31
34
38
7
Iberia Parish
28
34
35
7
Sabine Parish
25
28
32
7
Terrebonne Parish
30
34
37
7
Statewide, historically disadvantaged students are improving in ELA, math, and science, but their overall performance and rate of improvement remain lower than that of their peers.
Subgroup
2015
% Mastery and Above
2016
% Mastery and Above
2017
% Mastery and Above
% Growth
from 2015 to 2017
Not Economically Disadvantaged
48
53
52
4
Economically Disadvantaged
21
25
25
4
Difference
27
28
27
0
White
42
45
45
3
African American
17
20
19
2
Difference
25
25
26
1
Students without Disabilities
32
35
35
3
Students with Disabilities
9
10
11
2
Difference
23
25
24
1
English Proficient Students
30
33
33
3
Students with Limited English Proficiency
12
14
13
1
Difference
18
19
20
2
A handful of school systems are leading the way in closing these achievement gaps among historically disadvantaged students and their peers in ELA, math, and science.
Economically Disadvantaged Students
School System
2015
% Mastery and Above
2016
% Mastery
and Above
2017
% Mastery
and Above
2015-2017 Growth
Cameron Parish
21
31
33
12
Central Community School District
31
36
42
11
LaSalle Parish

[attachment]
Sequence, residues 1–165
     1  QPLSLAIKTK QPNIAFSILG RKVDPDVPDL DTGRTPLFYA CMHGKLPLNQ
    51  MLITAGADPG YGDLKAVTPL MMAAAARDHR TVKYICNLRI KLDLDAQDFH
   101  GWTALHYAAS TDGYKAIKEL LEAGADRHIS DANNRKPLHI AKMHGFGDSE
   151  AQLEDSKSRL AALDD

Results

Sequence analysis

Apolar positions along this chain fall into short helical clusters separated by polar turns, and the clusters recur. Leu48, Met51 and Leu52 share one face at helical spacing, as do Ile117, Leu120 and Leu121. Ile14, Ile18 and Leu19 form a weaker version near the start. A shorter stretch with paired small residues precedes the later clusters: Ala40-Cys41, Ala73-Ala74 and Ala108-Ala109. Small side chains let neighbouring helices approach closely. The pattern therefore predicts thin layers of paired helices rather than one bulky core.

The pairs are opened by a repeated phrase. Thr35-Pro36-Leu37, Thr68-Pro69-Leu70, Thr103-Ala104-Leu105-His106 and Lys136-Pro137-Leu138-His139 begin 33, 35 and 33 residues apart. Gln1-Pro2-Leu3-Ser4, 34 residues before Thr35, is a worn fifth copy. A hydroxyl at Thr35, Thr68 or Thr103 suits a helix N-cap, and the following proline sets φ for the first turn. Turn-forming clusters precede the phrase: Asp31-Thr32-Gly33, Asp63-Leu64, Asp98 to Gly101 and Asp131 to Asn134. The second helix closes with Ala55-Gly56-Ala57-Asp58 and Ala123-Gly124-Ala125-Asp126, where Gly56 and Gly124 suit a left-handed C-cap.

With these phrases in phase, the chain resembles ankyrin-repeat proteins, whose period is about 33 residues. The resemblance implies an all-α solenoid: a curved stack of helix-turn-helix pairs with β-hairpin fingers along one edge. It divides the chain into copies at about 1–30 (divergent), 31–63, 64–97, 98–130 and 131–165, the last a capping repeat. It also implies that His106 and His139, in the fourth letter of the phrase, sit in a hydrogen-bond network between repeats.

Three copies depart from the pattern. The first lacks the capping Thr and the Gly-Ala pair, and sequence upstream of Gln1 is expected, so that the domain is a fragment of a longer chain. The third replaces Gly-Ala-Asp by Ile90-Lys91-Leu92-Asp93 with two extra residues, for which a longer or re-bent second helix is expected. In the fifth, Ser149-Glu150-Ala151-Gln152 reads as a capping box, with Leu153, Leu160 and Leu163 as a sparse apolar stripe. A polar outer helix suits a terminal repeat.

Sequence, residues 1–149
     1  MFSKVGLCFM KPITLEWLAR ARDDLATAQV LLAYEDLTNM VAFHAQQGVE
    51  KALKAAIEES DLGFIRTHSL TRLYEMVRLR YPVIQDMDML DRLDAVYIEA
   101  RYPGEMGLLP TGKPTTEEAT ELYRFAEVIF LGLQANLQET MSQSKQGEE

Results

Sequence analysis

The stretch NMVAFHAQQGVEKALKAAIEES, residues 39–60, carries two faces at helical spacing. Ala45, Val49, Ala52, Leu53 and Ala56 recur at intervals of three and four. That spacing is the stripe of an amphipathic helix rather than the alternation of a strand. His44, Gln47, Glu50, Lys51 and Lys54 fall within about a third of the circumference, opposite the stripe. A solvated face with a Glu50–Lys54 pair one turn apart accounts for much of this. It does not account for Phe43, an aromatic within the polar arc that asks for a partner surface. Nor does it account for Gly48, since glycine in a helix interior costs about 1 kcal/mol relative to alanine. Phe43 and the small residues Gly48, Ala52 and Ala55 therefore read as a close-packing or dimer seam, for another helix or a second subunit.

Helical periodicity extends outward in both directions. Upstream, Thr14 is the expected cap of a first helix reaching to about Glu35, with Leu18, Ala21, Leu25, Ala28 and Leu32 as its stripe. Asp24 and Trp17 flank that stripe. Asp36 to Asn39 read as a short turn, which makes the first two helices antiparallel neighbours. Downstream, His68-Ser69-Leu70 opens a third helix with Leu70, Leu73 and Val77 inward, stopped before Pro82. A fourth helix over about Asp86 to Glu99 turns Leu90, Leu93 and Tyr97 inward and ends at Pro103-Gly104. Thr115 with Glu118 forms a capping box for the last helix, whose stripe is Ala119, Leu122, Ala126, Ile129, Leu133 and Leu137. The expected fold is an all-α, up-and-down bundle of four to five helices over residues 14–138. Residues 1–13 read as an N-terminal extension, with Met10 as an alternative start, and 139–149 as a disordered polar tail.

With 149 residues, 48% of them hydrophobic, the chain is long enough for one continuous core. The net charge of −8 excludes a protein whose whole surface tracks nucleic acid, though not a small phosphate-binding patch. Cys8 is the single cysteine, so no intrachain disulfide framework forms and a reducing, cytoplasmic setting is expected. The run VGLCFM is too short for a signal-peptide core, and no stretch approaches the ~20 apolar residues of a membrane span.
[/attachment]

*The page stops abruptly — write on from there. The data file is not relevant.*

22
28
32
10
St. Helena Parish
6
9
16
10
St. James Parish
18
23
28
10
African American Students
School System
2015
% Mastery and Above
2016
% Mastery
and Above
2017
% Mastery
and Above
2015-2017 Growth
St. Helena Parish
6
8
15
9
DeSoto Parish
15
19
23
8
St. James Parish
18
22
26
8
Allen Parish
18
24
25
7
Students with Disabilities
School System
2015
% Mastery and Above
2016
% Mastery
and Above
2017
% Mastery
and Above
2015-2017 Growth
Cameron Parish
13
17
22
9
Pointe Coupee Parish
2
5
9
7
St. Helena Parish
≤1
≤1
7
7
Catahoula Parish
7
6
13
6
St. James Parish
6
9
12
6
English Language Learners
School System
2015
% Mastery and Above
2016
% Mastery
and Above
2017
% Mastery
and Above
2015-2017 Growth
LaSalle Parish
17
56
67
50
Caldwell Parish
≤1
50
47
47
Zachary Community School District
20
27
52
32
School systems impacted by August 2016 floods maintained performance. Preliminary analysis shows that there is not a substantial difference in results for flood-impacted parishes; however, the Department will provide complete analyses to the state Board of Elementary and Secondary Education (BESE) at its August meeting.
Ensuring Opportunity for All Students
Louisiana’s comprehensive ESSA plan responds directly to the challenges revealed by this year’s results. Under this plan, Louisiana will:
  • Redefine what it means to be an “A” school. By 2025, an “A” school will be one in which students average Mastery on the LEAP and end-of-course assessments, average a score of 21 on the ACT, and graduate on time at a rate of at least 90 percent.
  • Close the achievement gap among historically disadvantaged students by supporting schools in need. Louisiana will deliver targeted funding to students and schools who are the most in need, as well as foster and fund relationships between persistently struggling schools and partners that have demonstrated success in turning around struggling schools.